Health Care Reform – Personal Reality Check

July 23, 2009 by  
Filed under Insurance

health_reformIt’s too soon to know exactly how health care reform will look when Congress is finished with it. That isn’t stopping politicians and pundits from commenting about how good or bad it is.

Stop listening to them. Perform your own reality check. Take 15-20 minutes to at least scan through H.R. 3200 a/k/a “America’s Affordable Health Choices Act  of 2009.”

The easiest way to review the bill is using the HTML version posted by the Library of Congress. It is well organized, easy to read, and simple to navigate.

Although Mr. ToughMoneyLove is also a pundit of sorts, here are my suggested sections for “must see” reading:

  • Prohibiting Exclusions for Pre-Existing Conditions  (Section 111)
  • Required Benefits Package (Section 122)
  • The Public Health Insurance Option (Section 221)
  • Health Coverage Participation Requirements (Sections 311-312)

Pay particular attention to the potential effects on small business, including the requirement in Section 312 that the employer pay at least 65% of an employee’s premium for full family coverage.

After you review the Bill, don’t forget to read the cost estimates for the proposed “reform” as provided by the Congressional Budget Office. According to the CBO, the new reforms will not be deficit neutral as promised by the White House.

I believe that the essential provisions of the law will remain as now stated in H.R. 3200. What will be left for most of the debate and reconciliation process is how to pay for it.

Let me know what you think.

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3 Responses to “Health Care Reform – Personal Reality Check”
  1. MasterPo says:

    Oh, where do I begin!!

    I’m sure others will chime in with the usual comments so I’ll take a different angle:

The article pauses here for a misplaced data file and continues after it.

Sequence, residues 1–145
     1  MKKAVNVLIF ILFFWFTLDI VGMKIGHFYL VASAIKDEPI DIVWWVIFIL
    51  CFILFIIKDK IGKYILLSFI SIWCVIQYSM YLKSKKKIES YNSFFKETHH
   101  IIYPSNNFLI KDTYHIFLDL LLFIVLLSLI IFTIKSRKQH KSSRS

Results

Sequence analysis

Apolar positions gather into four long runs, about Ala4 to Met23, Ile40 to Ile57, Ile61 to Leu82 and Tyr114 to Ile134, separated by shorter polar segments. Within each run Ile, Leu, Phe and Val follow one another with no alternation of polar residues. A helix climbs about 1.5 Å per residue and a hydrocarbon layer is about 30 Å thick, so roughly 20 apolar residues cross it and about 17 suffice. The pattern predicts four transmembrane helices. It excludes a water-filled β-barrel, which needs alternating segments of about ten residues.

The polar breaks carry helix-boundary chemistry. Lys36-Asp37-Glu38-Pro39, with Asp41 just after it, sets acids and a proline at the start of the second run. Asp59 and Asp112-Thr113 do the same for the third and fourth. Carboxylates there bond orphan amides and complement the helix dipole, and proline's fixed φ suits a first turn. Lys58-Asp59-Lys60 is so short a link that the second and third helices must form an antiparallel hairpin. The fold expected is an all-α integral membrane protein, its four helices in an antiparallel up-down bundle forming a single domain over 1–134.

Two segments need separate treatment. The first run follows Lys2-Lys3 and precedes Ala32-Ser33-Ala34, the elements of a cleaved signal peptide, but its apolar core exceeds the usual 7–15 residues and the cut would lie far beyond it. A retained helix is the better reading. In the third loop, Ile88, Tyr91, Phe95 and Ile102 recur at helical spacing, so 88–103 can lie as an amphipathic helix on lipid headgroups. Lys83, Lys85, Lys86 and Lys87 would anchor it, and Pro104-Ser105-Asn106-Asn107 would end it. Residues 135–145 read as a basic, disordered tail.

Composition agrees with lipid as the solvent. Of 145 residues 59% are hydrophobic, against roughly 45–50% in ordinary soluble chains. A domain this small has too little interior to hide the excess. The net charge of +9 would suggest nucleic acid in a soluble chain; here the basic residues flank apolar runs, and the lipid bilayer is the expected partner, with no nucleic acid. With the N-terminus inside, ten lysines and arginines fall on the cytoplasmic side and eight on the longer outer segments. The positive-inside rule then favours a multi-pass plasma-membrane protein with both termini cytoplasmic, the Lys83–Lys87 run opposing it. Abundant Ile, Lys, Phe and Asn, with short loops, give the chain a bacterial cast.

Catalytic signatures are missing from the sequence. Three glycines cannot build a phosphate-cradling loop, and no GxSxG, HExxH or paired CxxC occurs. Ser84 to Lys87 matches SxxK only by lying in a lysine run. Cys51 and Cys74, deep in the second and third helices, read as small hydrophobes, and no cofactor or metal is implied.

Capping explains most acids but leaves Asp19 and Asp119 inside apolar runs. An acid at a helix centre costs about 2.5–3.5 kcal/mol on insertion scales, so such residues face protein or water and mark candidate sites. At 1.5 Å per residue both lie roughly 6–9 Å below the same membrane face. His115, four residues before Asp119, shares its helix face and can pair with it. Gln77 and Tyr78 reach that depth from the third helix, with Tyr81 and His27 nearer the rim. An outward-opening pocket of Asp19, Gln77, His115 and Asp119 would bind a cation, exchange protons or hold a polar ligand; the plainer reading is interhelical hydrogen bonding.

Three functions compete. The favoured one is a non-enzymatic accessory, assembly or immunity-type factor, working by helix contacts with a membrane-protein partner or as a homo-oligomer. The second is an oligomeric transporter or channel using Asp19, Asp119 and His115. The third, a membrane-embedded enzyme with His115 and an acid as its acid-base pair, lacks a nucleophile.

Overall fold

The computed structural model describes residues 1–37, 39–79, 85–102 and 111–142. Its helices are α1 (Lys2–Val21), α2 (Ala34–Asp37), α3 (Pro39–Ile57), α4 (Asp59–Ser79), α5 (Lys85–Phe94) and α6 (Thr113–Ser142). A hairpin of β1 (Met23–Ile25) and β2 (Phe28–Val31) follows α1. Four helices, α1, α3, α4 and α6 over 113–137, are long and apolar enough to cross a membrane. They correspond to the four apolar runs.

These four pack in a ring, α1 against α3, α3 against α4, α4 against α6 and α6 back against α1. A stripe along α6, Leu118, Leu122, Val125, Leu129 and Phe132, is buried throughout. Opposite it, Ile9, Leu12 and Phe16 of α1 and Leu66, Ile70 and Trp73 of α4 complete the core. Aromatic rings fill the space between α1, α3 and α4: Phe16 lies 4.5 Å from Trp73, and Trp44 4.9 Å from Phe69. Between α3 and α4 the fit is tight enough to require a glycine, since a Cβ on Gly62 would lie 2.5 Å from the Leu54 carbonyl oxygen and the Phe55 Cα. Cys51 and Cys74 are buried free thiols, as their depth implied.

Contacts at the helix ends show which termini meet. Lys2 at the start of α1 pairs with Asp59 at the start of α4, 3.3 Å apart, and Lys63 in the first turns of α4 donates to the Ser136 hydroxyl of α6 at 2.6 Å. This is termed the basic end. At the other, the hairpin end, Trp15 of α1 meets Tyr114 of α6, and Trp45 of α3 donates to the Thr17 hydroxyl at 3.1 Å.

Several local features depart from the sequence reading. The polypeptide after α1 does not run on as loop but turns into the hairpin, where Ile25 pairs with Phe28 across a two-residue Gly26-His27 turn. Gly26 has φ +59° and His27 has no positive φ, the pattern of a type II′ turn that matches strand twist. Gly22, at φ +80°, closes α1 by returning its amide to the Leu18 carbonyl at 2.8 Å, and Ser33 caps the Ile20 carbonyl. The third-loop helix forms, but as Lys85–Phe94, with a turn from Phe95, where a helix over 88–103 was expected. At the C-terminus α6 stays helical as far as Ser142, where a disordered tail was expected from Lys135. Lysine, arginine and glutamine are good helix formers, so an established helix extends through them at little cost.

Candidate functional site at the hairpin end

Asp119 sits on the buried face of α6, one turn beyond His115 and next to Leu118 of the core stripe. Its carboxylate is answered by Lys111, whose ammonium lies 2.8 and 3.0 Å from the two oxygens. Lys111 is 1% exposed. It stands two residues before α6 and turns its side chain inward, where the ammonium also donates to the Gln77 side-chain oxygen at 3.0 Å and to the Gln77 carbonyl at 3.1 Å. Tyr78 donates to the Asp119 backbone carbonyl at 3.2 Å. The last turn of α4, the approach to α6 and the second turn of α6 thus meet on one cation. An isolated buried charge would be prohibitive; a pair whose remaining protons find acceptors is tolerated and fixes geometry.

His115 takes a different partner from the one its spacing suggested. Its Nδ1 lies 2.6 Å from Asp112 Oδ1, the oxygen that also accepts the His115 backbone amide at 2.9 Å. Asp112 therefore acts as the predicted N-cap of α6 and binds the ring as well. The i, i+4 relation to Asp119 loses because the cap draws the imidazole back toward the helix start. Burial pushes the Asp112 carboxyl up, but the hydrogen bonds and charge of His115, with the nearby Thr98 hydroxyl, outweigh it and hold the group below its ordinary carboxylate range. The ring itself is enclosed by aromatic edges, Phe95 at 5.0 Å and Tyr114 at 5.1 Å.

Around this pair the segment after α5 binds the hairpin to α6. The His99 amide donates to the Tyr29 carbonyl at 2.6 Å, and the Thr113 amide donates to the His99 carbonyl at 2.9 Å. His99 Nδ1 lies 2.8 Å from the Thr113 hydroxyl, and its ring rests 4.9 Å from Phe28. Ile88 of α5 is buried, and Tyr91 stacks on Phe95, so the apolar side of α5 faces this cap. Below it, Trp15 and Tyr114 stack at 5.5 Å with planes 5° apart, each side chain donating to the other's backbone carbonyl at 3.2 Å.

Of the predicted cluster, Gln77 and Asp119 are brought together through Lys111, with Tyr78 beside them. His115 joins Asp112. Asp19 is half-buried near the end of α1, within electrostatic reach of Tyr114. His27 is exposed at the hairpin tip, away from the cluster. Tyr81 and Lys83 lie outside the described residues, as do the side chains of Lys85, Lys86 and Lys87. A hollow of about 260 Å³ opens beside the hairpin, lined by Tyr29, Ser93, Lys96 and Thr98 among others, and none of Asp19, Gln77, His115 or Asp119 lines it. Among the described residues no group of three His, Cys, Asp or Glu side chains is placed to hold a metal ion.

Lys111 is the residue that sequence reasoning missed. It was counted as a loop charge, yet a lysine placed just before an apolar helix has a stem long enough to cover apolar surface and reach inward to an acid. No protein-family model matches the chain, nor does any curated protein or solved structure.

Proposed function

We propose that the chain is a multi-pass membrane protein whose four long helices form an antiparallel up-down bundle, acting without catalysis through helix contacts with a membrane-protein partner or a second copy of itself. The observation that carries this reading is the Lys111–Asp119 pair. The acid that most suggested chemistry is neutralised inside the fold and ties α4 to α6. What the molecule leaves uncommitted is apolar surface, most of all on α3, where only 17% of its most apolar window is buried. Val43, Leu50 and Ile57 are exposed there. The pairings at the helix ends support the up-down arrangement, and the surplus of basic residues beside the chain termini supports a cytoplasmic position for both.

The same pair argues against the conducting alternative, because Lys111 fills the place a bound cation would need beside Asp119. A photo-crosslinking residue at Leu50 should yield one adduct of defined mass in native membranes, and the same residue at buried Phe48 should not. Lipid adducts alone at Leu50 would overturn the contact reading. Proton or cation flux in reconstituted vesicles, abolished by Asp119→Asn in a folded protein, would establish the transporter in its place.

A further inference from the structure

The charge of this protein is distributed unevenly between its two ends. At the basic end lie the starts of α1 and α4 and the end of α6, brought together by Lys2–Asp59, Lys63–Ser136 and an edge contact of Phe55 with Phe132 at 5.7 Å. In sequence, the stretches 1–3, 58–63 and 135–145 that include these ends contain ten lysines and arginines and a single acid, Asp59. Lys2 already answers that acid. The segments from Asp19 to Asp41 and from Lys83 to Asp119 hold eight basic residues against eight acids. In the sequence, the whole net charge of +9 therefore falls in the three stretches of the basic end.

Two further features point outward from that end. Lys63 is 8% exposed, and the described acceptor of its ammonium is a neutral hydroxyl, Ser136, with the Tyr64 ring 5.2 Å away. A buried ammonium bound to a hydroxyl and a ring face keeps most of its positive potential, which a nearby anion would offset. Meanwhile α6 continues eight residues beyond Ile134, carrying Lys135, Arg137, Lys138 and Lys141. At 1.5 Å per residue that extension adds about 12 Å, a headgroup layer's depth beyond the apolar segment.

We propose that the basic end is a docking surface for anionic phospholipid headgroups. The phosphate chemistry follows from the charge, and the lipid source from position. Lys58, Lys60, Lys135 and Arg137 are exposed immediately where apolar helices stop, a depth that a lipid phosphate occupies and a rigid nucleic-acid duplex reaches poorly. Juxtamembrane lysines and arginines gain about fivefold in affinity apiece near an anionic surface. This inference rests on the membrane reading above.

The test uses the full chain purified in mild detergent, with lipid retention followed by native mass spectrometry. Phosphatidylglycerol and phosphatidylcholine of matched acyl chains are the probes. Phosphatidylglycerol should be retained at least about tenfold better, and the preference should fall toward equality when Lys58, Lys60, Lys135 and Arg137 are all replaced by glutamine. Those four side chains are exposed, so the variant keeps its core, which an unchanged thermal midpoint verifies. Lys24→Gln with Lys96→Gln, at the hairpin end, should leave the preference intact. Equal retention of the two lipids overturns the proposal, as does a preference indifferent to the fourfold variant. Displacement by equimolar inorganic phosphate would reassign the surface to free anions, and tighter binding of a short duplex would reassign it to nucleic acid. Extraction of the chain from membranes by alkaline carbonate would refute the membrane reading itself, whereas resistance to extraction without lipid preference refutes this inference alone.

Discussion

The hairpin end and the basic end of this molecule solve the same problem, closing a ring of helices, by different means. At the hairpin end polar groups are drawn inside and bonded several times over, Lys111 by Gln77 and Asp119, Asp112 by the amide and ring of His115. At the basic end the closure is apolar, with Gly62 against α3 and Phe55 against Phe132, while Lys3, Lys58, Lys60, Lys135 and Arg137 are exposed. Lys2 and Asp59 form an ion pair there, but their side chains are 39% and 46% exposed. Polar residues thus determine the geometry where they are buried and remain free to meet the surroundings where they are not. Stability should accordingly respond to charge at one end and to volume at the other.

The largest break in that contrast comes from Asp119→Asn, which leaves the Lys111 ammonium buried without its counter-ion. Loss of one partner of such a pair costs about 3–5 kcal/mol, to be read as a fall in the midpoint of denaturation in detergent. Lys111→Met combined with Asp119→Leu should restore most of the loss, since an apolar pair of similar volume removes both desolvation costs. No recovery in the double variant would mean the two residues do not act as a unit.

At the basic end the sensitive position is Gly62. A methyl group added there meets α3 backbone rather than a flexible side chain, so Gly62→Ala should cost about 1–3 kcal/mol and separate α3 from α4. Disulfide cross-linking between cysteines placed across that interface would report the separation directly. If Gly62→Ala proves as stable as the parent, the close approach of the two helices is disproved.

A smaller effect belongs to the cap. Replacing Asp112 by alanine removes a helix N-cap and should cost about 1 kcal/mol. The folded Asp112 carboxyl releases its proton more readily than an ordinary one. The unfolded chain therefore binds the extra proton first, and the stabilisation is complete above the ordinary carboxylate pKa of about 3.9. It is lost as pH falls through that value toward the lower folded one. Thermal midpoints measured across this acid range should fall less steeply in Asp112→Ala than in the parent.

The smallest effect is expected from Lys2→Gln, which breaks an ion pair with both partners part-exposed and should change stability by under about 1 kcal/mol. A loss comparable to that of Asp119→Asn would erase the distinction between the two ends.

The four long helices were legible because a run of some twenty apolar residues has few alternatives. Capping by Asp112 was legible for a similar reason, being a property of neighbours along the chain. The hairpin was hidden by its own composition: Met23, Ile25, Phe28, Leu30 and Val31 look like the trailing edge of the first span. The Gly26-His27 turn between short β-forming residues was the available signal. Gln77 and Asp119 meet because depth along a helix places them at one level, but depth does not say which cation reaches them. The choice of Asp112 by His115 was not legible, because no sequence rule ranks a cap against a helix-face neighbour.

Obama is also proposing cap&trade that, by is own words, will DOUBLE (at least!) the cost of electricity!

    Now stop and think about this:

    How much electricity does a major hospital use in a day? A clinic? A medical lab? A diagnostic center?

    Think about all the electric medical devices we use.

    How much electricity does a resperator use?
    A NICU incumbator?
    A heart monitor?
    A MRI machine?

    If the cost of electricity goes up just 50% that’s going to SOAR the cost of medicine even if his plan only succeeds in holding costs at current levels!!!

  2. Rick Beagle says:


    Perhaps you haven’t been paying attention, but the cost of fuel is already soaring. It is a finite resource, and if we understand supply and demand correctly, then that trend will continue. Providing additional resources for research and development of alternate solutions may not make sense to you now, but in the long term this legislation makes sense. Good ideas are not always painless, despite the American belief that they should be.

    Second, have you looked at the growth rate of Health Care over the last two decades? That too is an unsustainable trend, and again, it will not be painless to correct. I wish it was an easier pill to swallow, but it isn’t. Again, you have to look over the long term. Today we spend roughly twice as much on health care as any other nation, but our mortality rate, and life expectancy are far below those of other countries. Those metrics alone show something is terribly wrong with our health care system.